micki said...

Go, Harry!

On another (possible) positive note:

One of Mukasey's first acts as AG was (at least) initially viewed as a gesture of his promised independence from the WH.

Mukasey announced that he was reopening the department's internal inquiry into whether the spying program complies with the law.

We'll see. The proof is in the pudding.

micki said...

...on the other that I think about Harry's pro forma move to keep the Senate in session...

I hope this doesn't backfire on the Dems -- instead of the busheviks bitching about the recess appointment aspect, they just might bitch about the Dems "obstructing" and "not supporting the troops" and all that BS. They'll claim that if the Senate is *in session,* it should be working on FUNDING FOR THE SAFETY OF THE TROOPS.

Oh,'s still worth the risk. Go, Harry!

David B. Benson said...

More of Micki's leftovers this morning.

The prediction is that tomorrow morning we get some of Micki's refrigerated leftovers.

ÂșCÂșarol said...

Looks like we still make things here.

U.S. Made Toys

Shop for America

Alan said...

Mukasey announced that he was reopening the department's internal inquiry into whether the spying program complies with the law.

And yet, I had read somewhere that his answer about that question was that that decision had already been made before his confirmation... that the required security clearances were given out before he got on board. Could he, and repugs be 'spinning' that to make him look better?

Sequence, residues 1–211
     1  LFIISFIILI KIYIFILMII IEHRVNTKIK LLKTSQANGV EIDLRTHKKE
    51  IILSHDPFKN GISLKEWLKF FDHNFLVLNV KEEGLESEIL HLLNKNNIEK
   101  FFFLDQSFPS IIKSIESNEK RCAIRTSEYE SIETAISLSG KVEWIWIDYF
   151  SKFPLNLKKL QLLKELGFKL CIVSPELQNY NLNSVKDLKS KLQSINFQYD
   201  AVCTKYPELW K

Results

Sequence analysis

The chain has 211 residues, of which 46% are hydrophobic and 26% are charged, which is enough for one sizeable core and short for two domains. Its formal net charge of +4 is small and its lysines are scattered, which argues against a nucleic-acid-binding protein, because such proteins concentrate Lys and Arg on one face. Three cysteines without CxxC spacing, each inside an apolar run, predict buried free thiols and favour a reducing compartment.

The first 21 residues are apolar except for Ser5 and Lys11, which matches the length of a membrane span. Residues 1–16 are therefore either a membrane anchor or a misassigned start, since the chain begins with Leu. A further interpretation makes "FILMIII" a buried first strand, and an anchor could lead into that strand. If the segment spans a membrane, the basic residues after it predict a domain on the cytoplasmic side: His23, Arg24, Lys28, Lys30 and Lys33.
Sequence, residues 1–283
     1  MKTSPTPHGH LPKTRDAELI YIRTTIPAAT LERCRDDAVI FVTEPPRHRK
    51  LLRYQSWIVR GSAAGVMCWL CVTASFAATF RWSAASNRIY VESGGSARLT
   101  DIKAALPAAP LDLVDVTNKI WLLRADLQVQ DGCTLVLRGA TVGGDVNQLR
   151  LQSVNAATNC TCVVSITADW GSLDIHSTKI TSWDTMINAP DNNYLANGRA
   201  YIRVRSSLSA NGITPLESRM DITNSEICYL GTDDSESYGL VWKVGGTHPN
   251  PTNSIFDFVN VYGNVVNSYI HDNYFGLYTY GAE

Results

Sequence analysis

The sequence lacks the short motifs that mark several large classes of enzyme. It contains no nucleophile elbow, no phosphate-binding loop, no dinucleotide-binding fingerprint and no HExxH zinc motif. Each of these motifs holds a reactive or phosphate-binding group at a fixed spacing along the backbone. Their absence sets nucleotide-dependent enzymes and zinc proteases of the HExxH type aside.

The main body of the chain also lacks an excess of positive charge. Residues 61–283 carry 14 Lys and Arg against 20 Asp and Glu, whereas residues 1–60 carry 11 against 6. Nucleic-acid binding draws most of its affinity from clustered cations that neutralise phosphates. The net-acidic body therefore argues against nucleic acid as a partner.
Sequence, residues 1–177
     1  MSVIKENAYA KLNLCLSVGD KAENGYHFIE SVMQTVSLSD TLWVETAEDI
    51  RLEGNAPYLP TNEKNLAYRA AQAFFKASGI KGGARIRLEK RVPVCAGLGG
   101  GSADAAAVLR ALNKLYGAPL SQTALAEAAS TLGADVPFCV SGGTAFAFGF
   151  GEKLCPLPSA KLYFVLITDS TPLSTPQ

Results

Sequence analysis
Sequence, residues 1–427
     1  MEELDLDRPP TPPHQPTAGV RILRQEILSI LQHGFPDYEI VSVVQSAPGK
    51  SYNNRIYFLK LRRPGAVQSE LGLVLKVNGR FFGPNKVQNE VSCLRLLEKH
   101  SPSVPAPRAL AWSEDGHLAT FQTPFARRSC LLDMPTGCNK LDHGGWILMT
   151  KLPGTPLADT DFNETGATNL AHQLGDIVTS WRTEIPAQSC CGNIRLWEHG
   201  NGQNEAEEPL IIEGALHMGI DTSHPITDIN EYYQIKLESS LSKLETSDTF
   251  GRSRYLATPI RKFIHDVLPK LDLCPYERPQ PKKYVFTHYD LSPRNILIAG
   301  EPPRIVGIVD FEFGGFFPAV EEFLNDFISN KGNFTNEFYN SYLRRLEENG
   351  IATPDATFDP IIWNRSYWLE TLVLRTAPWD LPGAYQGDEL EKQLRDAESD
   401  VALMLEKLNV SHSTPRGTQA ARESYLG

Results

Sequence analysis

The better example of a positive from him would be his choice of assistant A/G. Can't think of his name at this second, think it starts with an F, but they said he was an honest career guy.

David B. Benson said...

It seems there is a company in India making electric commute cars for $9000. They've made about 2,200 of them, with nearly half sold in London.

DEN said...

Doc, electricity is the way to go, develop and implement a electricity only environment.

By the way what exactly are Micki's leftovers?

David B. Benson said...

Den --- What is western Washington state famous for?


DEN said...

Doc I am not sure off the top of my head, will research and get back to you tho.

Meanwhile the folks in Minn. have a novel approach to heating and cooling your house:

Unlike most of us, Dale Burgess doesn’t mind his heating bill.

He pays less than $400 annually for heat, air conditioning and hot water in his 2,200-square-foot home. His average monthly bill of $31 also pays to heat an attached two-car garage and airplane hangar.